Never did I imagine I would be writing the word “sinkhole” here on Sidebar. But after reading a surprisingly fascinating article by David Owen, “Notes from Underground: Florida’s sinkhole peril,” in the March 18, 2013 New Yorker, here I go with this quote:
A large area near Tampa has been known for years as Sinkhole Alley, and within it there are stretches of roadway along which nearly every other billboard seems to advertise a lawyer who handles sinkhole claims. I visited one of those lawyers, Joseph A. Porcelli, at his office in New Port Richey … He told me that his firm, at that moment, had more than a thousand outstanding sinkhole cases, and that he urges all residents of the region to add a sinkhole rider to their homeowner’s insurance. “There’s no law on the books that requires developers to test the ground before they build homes,” he said, “so they typically just knock down the trees and start building. There can be sinkholes that don’t show themselves until after the construction is finished. A cow is not that heavy, but a house is very heavy, and, over time, with the action of rainwater and the like, it can cause a collapse.”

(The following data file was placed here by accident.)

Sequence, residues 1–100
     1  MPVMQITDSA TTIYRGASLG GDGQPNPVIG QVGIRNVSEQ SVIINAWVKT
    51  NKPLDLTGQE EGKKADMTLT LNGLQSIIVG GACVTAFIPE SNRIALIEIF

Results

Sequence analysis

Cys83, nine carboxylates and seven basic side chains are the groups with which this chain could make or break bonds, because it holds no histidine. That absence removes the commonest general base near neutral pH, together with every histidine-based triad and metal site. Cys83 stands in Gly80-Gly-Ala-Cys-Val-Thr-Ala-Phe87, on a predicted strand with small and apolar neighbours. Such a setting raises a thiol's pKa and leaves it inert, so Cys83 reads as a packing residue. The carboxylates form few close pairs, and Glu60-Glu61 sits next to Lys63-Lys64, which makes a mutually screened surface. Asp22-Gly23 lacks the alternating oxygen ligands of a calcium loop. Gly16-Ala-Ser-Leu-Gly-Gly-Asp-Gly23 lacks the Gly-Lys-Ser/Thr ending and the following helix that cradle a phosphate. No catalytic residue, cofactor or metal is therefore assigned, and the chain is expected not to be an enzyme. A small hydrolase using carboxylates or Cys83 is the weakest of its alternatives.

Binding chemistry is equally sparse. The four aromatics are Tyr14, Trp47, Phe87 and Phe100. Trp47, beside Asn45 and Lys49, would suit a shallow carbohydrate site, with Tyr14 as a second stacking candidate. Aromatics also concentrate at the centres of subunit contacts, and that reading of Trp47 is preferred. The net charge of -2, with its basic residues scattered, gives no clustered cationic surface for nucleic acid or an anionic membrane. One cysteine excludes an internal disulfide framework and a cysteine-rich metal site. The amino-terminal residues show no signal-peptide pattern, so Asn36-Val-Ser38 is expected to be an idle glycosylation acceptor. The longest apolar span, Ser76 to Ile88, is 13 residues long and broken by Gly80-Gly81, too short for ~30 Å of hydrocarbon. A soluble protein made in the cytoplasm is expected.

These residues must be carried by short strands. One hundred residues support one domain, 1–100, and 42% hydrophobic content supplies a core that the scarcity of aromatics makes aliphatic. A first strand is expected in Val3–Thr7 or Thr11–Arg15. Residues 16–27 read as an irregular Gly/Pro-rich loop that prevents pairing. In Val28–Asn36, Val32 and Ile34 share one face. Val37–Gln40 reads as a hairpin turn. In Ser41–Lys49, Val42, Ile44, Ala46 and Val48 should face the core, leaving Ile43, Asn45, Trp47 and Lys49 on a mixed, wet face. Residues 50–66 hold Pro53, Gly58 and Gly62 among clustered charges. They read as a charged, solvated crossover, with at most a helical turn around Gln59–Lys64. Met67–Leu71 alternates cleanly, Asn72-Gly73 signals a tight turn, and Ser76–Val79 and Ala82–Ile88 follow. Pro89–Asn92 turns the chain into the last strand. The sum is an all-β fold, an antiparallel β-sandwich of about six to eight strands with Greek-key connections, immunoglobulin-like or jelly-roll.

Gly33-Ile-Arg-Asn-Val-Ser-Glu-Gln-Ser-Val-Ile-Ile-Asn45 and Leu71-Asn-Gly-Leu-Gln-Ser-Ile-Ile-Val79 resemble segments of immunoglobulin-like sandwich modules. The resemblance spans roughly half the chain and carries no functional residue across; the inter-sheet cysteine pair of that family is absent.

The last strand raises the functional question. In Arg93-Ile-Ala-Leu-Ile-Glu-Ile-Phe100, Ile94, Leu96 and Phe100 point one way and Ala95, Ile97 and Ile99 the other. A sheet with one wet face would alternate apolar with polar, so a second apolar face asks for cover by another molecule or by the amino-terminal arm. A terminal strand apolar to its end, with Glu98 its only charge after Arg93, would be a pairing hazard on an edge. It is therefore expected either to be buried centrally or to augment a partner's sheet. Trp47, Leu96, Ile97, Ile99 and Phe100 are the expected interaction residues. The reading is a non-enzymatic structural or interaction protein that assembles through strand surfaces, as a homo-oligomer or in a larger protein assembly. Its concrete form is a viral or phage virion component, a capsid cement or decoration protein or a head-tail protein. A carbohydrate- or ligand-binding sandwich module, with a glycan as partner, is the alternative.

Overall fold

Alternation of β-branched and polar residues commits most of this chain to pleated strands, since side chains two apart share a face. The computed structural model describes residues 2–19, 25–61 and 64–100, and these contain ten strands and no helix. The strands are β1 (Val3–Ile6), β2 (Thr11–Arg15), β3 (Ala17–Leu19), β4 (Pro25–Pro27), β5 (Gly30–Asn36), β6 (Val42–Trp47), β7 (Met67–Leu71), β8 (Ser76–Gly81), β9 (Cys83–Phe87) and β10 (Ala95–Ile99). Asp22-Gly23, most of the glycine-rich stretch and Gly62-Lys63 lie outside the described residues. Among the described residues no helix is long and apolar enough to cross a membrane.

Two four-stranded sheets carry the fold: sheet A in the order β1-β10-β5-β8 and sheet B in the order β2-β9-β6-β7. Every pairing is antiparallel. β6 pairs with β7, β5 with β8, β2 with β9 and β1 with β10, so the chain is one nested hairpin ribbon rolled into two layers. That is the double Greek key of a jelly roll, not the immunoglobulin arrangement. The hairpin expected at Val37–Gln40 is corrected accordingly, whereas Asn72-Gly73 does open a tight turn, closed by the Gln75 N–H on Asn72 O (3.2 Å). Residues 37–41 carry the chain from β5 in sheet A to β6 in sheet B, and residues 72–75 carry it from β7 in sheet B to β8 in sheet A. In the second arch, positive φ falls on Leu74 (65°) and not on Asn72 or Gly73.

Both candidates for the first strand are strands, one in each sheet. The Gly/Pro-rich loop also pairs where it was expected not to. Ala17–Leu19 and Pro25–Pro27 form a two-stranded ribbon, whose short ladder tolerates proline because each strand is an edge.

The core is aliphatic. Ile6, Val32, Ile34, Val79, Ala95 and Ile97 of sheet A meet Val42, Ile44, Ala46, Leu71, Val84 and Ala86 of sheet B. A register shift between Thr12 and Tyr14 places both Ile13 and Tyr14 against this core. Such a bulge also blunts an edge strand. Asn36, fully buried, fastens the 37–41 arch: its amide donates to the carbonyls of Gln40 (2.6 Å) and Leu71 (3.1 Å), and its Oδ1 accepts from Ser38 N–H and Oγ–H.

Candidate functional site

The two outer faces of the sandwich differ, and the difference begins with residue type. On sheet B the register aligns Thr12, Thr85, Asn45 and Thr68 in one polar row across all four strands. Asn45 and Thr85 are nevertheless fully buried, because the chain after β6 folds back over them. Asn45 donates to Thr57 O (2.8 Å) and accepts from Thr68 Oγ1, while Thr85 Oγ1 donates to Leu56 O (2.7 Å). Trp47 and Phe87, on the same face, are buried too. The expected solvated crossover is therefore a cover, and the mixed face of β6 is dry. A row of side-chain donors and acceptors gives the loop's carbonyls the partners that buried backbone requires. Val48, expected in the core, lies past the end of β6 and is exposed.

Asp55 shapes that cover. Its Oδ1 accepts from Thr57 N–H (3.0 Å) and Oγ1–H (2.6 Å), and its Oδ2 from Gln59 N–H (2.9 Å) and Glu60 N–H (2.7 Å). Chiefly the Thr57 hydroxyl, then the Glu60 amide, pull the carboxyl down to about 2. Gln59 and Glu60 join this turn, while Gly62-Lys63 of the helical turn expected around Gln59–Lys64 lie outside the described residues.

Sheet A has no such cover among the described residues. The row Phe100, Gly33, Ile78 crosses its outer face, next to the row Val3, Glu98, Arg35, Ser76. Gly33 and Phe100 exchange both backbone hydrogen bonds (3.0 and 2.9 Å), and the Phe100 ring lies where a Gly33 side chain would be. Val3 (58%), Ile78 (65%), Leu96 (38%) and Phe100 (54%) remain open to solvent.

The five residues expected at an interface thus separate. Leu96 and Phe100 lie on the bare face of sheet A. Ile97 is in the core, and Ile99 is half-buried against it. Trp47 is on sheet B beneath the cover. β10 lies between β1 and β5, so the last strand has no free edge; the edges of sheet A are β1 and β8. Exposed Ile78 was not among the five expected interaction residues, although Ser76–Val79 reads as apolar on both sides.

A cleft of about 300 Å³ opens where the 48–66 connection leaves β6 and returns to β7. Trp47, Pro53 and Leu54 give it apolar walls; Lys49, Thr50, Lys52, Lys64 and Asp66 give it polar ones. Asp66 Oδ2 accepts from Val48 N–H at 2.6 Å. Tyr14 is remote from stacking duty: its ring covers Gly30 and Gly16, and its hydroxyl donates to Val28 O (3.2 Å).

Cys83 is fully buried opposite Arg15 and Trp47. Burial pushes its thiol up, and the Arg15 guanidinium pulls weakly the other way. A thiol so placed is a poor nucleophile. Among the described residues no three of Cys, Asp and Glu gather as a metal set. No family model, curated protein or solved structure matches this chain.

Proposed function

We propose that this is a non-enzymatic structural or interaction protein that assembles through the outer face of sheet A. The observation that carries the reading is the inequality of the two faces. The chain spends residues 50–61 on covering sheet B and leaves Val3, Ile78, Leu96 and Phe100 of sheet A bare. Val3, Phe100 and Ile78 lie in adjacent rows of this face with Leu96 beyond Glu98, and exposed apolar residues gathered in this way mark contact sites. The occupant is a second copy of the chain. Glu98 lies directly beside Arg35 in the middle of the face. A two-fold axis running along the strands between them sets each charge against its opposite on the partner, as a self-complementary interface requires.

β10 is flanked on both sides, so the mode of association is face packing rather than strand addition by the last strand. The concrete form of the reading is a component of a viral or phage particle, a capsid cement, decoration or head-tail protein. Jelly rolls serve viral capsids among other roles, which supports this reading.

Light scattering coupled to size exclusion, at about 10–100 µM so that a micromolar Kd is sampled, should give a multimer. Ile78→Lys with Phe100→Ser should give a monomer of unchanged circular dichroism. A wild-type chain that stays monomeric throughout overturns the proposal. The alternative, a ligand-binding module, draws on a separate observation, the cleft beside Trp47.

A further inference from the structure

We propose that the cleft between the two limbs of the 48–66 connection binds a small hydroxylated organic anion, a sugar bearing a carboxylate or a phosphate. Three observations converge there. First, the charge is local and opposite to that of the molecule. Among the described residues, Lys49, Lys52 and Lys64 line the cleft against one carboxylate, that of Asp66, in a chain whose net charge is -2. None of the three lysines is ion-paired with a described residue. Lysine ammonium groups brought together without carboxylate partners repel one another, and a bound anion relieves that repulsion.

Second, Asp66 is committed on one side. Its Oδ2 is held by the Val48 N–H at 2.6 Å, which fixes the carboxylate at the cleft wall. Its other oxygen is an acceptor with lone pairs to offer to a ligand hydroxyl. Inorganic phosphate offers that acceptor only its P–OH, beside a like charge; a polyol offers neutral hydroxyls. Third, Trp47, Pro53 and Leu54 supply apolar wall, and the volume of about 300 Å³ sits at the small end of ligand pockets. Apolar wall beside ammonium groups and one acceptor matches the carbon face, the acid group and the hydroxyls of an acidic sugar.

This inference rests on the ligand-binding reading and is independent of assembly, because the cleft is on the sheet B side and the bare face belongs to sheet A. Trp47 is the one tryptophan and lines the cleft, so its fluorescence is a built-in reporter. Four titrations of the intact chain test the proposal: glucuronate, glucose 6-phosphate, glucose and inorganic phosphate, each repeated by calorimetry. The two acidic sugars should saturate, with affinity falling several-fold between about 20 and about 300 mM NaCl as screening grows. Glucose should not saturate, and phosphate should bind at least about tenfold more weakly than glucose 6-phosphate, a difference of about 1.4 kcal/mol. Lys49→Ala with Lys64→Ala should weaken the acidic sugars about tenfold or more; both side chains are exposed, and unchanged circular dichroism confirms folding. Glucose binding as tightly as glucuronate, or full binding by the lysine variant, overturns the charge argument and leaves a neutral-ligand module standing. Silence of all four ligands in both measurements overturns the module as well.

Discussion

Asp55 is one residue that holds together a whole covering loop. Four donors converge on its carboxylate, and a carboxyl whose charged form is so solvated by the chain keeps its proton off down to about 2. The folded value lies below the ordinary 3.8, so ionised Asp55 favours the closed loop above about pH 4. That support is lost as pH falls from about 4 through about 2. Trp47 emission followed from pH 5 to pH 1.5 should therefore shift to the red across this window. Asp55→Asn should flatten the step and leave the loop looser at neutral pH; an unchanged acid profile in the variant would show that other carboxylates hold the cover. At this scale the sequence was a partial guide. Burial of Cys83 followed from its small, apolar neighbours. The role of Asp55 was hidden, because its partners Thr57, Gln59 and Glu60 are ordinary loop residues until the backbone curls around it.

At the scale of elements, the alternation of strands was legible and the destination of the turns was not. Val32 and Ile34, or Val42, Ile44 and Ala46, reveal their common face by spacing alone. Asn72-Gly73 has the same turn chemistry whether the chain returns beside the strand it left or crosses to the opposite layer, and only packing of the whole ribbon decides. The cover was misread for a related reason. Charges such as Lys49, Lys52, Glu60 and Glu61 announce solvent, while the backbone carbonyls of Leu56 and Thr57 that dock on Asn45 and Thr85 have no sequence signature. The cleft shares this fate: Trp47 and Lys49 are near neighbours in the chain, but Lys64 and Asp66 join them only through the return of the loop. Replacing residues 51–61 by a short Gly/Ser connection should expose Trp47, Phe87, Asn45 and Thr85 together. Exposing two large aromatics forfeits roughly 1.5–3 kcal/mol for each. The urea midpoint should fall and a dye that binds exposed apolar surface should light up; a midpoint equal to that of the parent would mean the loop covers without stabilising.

Most of Porcelli’s sinkhole clients are homeowners, and they often come to him after their insurance company has rejected their claim. It can be surprisingly difficult to establish that property damage was caused by a sinkhole and not, say, by an incompetent contractor—and recent changes in Florida’s statutes have made it harder. If an adjuster concludes that a sinkhole may have occurred, an insurance company will usually hire engineers to test the soil with hand augers and ground-penetrating radar. In some cases, they conduct so-called “standard penetration tests,” which can bore more than a hundred feet below the surface. Even then, the facts aren’t always clear.
OK, so here’s the lesson I derived from this article: never mind retaining a lawyer for your sinkhole. Just move the hell out of Florida. Now.